Joe looked at his mother. She'd turned to hug Wee Paul, buried her face in the crook of his neck. Paul regarded Joe with a disgusted curl on his lip. Joe shrugged and then shook his head.
"Fucking right I did."
"Jesus, that was fucking mad," Danny said.
"He shouldn't have said that to his ma." Paul said.
"I know, but holy fuck."
They waited for their own ma in Paul's decked out living room. Bob the Builder played on the widescreen. Wee Owen ignored the show and concentrated on stuffing a biscuit into the DVD player. Danny thought maybe Owen was a bit slow. At the age of five he should have figured out that only DVDs fit in there. Sinead, the lazy bitch, disappeared upstairs as soon as they'd arrived, leaving Paul to watch the child as usual.
"So you saw me last night," Danny said.
"I'm freaking out for you."
Danny wanted a cigarette but couldn't have one in front of his football hero brother. He took slow, deep breaths like the guidance counsellor at school taught him after he was first caught smoking in the school toilets. Quitting advice. It did nothing for him. Paul maintained eye contact and Danny was afraid to break it. In the silence between the two of them, Wee Owen's mouth-breathing became an unbearable noise pollution. Danny had to break it.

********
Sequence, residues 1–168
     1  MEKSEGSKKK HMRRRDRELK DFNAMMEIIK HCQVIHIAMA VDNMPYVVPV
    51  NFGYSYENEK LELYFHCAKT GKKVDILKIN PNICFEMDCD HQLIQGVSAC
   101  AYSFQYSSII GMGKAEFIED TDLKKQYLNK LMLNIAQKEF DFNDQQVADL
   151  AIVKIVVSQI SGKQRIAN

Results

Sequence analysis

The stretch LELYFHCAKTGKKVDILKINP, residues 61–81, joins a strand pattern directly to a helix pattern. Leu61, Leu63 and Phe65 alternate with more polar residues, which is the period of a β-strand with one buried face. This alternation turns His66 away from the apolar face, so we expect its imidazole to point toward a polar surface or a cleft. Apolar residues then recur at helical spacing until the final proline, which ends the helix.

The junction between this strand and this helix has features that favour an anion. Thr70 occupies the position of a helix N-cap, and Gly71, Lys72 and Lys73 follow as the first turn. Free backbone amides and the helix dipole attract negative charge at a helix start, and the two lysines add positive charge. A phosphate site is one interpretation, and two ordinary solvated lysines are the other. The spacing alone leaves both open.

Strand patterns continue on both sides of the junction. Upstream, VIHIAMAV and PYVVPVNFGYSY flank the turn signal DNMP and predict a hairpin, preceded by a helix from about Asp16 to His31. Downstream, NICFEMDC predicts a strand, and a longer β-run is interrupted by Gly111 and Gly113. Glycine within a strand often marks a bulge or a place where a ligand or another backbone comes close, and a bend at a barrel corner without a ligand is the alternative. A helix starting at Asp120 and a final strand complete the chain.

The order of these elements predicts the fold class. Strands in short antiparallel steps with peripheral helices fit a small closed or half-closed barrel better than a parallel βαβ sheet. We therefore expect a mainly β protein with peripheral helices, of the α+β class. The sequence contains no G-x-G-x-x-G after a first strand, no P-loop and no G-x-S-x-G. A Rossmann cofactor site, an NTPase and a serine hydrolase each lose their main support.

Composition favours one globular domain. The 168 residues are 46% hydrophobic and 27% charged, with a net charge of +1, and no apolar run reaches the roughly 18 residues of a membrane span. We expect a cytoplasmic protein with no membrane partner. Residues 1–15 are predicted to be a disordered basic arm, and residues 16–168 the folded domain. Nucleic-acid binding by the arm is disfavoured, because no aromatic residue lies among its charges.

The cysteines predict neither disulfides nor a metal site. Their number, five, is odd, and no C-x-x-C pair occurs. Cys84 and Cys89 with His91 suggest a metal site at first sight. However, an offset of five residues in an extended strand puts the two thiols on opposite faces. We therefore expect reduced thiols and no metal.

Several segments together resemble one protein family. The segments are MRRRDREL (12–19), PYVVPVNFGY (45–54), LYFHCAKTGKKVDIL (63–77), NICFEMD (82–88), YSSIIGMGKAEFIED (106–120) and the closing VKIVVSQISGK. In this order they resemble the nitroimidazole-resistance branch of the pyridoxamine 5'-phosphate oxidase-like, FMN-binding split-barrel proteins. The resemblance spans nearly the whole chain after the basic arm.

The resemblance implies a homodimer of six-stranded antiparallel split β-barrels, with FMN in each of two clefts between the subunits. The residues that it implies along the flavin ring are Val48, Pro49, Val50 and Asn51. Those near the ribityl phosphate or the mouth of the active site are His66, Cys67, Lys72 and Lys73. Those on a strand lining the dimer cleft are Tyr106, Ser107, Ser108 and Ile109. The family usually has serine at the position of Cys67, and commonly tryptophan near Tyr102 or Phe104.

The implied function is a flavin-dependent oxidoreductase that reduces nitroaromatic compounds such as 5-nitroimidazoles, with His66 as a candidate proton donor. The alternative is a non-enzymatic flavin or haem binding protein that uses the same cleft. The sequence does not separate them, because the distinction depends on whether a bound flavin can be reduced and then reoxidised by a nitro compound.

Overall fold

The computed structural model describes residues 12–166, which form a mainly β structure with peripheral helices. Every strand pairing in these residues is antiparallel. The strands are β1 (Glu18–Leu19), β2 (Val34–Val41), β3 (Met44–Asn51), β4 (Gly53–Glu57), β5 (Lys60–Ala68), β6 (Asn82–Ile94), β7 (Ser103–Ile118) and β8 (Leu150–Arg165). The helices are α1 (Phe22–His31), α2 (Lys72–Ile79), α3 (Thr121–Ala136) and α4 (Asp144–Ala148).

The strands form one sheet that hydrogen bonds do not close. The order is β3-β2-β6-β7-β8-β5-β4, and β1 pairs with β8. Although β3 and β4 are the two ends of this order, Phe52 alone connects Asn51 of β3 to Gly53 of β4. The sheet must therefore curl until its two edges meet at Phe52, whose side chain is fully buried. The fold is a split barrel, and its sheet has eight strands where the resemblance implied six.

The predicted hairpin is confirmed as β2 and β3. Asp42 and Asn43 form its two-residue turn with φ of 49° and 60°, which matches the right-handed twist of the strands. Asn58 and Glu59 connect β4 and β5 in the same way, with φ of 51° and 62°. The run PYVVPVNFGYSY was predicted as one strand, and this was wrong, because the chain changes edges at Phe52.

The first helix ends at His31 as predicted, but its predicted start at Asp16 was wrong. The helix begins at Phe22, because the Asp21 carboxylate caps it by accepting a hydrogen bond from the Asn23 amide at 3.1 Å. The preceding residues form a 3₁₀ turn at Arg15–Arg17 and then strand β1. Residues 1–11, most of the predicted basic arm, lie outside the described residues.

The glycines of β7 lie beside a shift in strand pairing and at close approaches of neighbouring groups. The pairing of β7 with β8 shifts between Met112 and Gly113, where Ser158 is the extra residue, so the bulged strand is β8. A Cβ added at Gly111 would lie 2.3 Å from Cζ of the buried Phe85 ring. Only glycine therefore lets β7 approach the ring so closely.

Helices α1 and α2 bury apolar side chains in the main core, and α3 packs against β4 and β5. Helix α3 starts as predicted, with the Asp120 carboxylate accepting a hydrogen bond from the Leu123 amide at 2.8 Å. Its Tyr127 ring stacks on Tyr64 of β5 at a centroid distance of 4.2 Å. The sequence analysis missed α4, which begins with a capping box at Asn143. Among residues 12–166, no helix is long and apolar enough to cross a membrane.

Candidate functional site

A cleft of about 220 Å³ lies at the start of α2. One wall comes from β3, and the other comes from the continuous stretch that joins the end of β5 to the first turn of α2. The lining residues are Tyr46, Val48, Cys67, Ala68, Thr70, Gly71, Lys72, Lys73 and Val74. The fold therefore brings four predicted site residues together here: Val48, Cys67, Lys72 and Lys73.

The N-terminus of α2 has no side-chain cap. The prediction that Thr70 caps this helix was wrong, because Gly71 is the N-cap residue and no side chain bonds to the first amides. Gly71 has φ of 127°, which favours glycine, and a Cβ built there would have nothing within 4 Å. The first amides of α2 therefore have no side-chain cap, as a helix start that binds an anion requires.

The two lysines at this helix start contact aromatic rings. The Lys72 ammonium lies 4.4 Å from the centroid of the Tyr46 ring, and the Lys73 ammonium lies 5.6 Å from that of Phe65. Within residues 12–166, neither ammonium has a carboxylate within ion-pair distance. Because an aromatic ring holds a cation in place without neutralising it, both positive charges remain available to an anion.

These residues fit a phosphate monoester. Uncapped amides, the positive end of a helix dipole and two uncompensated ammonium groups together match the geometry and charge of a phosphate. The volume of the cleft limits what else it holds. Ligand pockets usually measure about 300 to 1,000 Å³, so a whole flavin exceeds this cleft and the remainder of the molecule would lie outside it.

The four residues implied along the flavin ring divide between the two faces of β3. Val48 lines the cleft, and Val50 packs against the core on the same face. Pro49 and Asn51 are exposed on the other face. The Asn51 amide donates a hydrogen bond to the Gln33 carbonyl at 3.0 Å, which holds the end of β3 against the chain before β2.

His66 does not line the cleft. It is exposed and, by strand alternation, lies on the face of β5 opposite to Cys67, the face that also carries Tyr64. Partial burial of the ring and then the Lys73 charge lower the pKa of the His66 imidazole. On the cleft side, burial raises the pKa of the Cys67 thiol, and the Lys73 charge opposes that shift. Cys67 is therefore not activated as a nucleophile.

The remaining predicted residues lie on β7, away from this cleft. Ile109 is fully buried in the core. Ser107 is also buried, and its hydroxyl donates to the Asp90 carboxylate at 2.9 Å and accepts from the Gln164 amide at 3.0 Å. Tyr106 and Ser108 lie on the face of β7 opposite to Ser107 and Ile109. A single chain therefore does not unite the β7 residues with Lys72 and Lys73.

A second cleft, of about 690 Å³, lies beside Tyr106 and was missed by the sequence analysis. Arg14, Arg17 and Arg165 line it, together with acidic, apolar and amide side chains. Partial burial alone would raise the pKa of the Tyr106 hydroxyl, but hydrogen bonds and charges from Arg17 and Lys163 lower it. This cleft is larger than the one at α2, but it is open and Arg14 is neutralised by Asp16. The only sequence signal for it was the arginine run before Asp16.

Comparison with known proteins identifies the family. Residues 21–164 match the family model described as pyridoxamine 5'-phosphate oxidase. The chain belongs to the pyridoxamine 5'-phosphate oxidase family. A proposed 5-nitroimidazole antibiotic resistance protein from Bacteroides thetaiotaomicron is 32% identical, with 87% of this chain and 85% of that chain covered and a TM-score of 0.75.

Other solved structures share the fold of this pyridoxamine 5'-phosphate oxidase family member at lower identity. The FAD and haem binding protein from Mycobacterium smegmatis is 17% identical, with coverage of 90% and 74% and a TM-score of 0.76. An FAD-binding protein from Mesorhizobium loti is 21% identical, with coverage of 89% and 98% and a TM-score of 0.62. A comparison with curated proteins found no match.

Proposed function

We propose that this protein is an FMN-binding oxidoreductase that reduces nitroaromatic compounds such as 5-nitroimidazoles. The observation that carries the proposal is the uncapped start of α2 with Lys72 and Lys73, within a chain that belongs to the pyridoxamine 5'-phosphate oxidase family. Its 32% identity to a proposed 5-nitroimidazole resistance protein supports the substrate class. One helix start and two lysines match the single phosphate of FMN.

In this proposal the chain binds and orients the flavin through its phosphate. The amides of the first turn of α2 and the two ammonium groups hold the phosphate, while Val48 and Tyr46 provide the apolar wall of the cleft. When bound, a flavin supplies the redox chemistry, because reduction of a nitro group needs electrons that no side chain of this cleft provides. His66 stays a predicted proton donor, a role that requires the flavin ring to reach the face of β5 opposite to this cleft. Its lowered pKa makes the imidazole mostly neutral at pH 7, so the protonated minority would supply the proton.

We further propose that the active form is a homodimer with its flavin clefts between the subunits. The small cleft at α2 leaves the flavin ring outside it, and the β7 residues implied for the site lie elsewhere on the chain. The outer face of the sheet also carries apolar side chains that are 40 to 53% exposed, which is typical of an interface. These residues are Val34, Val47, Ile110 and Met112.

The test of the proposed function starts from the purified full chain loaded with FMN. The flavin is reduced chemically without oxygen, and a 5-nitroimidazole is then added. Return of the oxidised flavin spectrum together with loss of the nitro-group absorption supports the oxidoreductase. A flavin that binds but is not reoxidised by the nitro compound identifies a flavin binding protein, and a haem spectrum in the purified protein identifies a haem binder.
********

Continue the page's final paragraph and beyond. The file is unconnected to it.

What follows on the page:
"You don't need to worry about me, Paul." He managed a small smile and a wink.
"Like fuck I don't. Stephen McVeigh thinks you've been up to some serious shit. And he's going to be watching you and your mates like a hawk until he has some sort of proof of it."
"What's he think we've been at?"
"He reckons you're in the gang that's been out mugging grannies all over West Belfast these last few months. Them scumbags they call the Wee Rockets."